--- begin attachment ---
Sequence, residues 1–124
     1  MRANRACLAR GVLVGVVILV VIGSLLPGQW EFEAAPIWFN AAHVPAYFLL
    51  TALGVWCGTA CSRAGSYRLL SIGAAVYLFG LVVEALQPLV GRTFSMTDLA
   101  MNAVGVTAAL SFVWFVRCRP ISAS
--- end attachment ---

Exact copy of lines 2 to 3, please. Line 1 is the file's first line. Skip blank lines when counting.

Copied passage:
     1  MRANRACLAR GVLVGVVILV VIGSLLPGQW EFEAAPIWFN AAHVPAYFLL
    51  TALGVWCGTA CSRAGSYRLL SIGAAVYLFG LVVEALQPLV GRTFSMTDLA